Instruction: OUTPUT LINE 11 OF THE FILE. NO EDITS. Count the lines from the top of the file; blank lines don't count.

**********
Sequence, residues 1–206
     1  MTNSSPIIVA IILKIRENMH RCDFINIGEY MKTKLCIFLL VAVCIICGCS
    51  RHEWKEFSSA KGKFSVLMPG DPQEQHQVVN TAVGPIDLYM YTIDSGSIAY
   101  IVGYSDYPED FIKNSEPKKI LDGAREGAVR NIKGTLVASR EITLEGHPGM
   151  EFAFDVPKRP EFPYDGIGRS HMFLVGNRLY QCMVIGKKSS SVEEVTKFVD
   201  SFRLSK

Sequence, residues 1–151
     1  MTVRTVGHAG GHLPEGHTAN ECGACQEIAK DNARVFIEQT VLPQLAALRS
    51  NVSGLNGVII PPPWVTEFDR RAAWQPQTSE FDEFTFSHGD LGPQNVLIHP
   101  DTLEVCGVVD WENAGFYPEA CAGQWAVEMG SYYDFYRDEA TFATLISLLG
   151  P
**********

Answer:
   151  P